When you cut off the supply chain from its roots, where Real Madrid build from the back, you have a chance. But dealing with a high-press shouldn’t matter for Real Madrid. On paper, and as shown in past months, they thrive in those situations, and will manifest neat zip-and-move passing triangles to quickly beat the press while navigating through open-waters that broken presses tend to leave. We just haven’t seen it much from Real this season, but we have in the past — and that ability is not latent enough that it won’t recharge at some point.

Real Madrid will need peak-Kroos to consistently appear again as a press-resistant presence. And, he has started to appear, again. When we talk about Kroos in this role, we often tend to talk about his ability with the ball during a press, but that’s not really what being ‘press-resistant’ means. Kroos creates space when others are uncomfortable in finding outlets. The movement without the ball is what matters:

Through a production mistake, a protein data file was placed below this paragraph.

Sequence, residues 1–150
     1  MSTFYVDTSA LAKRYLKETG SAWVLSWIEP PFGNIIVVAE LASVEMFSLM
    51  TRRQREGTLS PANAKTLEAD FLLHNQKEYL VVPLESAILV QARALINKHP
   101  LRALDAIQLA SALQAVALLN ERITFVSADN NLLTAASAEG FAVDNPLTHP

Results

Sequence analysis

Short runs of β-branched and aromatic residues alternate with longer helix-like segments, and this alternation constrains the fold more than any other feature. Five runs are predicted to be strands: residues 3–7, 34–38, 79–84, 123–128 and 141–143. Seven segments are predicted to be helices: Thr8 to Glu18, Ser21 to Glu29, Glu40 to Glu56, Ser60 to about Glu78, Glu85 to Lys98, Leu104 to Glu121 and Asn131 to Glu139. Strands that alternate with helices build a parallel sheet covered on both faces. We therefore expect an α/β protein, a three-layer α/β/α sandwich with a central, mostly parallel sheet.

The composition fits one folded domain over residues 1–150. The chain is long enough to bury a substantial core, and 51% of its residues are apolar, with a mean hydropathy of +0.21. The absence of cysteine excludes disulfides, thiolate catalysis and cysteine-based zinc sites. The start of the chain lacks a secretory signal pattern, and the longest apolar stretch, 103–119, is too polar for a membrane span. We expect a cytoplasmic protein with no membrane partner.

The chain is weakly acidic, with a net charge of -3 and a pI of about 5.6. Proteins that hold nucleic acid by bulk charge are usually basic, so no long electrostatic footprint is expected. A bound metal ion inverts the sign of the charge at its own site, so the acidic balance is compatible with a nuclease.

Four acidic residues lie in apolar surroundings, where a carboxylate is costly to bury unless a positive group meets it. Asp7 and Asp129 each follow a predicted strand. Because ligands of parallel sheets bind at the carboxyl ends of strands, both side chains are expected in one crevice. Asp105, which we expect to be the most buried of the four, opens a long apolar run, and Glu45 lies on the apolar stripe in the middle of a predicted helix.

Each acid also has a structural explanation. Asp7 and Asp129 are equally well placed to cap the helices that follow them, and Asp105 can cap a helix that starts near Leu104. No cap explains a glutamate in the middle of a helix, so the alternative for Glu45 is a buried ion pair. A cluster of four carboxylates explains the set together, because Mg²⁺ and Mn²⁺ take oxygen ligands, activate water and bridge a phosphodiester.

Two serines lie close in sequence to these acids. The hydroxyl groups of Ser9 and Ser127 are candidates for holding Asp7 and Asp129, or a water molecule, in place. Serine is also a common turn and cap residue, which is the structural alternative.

With Real Madrid struggling to find outlets in the early stages of the Madrid derby, Kroos’s eye for verticality, both with and without the ball, helped loosen Atletico’s defense. In the above sequence, Ramos receives the ball, while the German hedges higher up the pitch to suck in two defenders. If he doesn’t make that movement, the passing lane to Benzema wouldn’t have opened up like that, and once Benzema receives the pass, Kroos knows where the space is, and he’s in a position where neither Atletico defender can catch up to him as they’re caught in two worlds.